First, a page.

“Fast Color” is a movie told in visual clues and whispers. A mysterious voiceover that sets the stage for this dystopian near future, followed by an unexplained flashback here, another seemingly random image there. When all the puzzle-like pieces come together, the movie’s characters, story, score and emotions soar. The pace of that progress may feel slow, but things never get too quiet. It’s a movie with a racing pulse, and you can feel its heart in every frame.
Ruth (Gugu Mbatha-Raw) is a woman on the run from a shadowy group hunting her for her extraordinary powers. As the pieces of Ruth’s life begin fit into place, the stakes become higher and more emotionally involving for the audience. I hesitate to say much more, because part of this movie’s appeal is watching the unexplained flashes of Ruth’s past make sense.
Her powers, over which she has no control of at the start of the movie, can cause an earthquake and give her seizures. She can feel them coming, possibly warn those around her, and tie herself to her bed to avoid hurting herself, but there’s little else she can do. It’s not referred to as an illness in the movie, but the parallels are easy to spot, especially when it comes to how these events affected her relationship with her mother, Bo (Lorraine Toussaint). Clearly, she cares about her but is frustrated by her inability to help her daughter. In turn, Ruth sometimes rejects her mother’s care to prove her independence.
As their conversations shift from worrying to angry, we’re watching old emotional wounds tear open without quite understanding everything that the two characters have gone through. Mbatha-Raw and Toussaint’s shared scenes are so compelling, they are both frightening and captivating as we know that Ruth has run off once before and could do so again. In between these tense standoffs is a third presence, a little girl named Lila (Saniyya Sidney), who brings out the love in these two women. She is a precocious breath of fresh air, not yet hurt by the world, and still full of the possibilities of what the future might bring for the next generation.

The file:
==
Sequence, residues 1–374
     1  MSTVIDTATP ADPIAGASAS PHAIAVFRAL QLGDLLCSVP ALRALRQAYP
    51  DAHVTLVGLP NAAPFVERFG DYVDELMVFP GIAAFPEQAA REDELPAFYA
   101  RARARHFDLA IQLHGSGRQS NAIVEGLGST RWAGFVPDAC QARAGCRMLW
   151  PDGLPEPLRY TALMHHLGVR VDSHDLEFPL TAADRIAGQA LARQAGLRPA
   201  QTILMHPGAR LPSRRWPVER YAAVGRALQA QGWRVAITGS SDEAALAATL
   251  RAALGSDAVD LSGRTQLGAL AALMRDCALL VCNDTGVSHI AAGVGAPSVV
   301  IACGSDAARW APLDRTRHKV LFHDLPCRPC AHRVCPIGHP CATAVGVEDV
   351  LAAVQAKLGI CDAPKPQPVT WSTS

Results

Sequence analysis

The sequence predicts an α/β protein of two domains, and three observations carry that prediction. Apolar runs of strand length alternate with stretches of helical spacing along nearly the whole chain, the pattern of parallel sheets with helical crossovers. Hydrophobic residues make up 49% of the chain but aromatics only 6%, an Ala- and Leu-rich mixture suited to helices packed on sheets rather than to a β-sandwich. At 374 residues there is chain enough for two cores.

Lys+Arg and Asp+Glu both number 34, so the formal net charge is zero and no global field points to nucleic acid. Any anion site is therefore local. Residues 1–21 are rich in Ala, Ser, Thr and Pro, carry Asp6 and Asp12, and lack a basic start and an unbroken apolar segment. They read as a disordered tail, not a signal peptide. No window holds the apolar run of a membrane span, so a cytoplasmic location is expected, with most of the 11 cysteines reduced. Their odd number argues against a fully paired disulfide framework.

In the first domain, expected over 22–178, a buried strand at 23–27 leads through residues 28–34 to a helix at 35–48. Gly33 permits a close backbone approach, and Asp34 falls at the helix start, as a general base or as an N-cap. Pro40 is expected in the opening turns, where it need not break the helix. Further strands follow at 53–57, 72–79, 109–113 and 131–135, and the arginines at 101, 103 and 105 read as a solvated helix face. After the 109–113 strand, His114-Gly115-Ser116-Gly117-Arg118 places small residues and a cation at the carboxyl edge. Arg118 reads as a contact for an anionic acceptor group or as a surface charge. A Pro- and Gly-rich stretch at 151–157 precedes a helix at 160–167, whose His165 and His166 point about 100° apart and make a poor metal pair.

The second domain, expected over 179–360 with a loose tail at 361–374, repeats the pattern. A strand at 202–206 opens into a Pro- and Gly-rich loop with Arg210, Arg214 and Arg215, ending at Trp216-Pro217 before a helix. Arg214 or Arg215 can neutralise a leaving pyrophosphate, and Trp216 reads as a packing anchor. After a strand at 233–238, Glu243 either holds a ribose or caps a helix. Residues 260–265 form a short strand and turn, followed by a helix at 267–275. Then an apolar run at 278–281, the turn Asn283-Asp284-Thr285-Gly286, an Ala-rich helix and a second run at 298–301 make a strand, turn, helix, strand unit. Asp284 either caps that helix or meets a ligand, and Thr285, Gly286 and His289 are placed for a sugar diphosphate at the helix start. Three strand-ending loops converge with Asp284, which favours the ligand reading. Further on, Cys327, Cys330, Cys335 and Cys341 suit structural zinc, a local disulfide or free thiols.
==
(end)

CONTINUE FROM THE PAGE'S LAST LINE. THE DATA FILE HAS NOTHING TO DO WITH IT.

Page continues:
Along with the introspective look at illness, “Fast Color” also provides a nuanced examination of addiction. To cope with the stress of feeling out-of-control and inadequate, Ruth acts out and engages in risky behavior as a way to self-medicate. Mbatha-Raw gives a standout performance, embodying her character’s conflicting needs both to seek comfort and to protect those she loves. At first, Ruth looks like the stoic heroine of a sci-fi thriller, wearing an oversized coat, dusty shoes and a look of quiet determination to survive. As the movie follows her, we see more sides to her characters, like her painful memories of regret and the fear that her powers may hurt someone she loves. In scenes at a gas station and abandoned motel, she looks weary of running so much but steady in her resolve to keep pushing forward. Other movies might have picked up the story when Ruth hit rock bottom, but “Fast Color” is a movie about recovery, healing and redemption — with the occasional tense chase sequence.
The second feature from director and co-writer Julia Hart (“Miss Stevens”) has much to say about family, inherited trauma, sickness and motherhood. Hart, who co-wrote the movie with her husband Jordan Horowitz (the “La La Land” producer who called the “Moonlight” team back to the stage on the night of the Oscars mix-up) only sparsely references other movies in her stripped-down sci-fi thriller. There’s a bit of a scrappy “Mad Max” vibe found in Hart’s version of a near-dystopian future where the rain no longer falls, and humanity pays exorbitant amounts for gallons of water. The color of the movie’s titles look inspired by “Close Encounters of the Third Kind,” and just like that movie, its effects pack an emotional kick after the plot’s buildup.
Softer shades of color bleed through the movie as well; cinematographer Michael Fimognari (Netflix’s “The Haunting of Hill House”) never oversaturate the scenes with them, but merely compliments them. When Ruth is home, there are calming blue and green tones around her, enhancing the feeling of safety she feels. In the film’s more active moments, Rob Simonsen’s bopping score emphasizes the feeling of Ruth running from danger with a futuristic synth sound.
Although I quite enjoyed Ruth’s journey as Hart set it up, I recognize that its fragmented nature may not work for everyone. Mbatha-Raw and Toussaint give great performances, but not everyone is at their level of acting, and this is most apparent in the cliché scenes featuring the men tracking down Ruth. Fortunately, nothing felt so egregious as to be too distracting from the movie’s core story about three generations of black women and how they deal with a world that always seems to want to hurt them.
In a sense, “Fast Color” is like an indie superhero origin story, but it feels so much more profound than that, like a whispered blessing from one generation to the next: “Go tear apart the sky,” do what our mothers could never have imagined for us.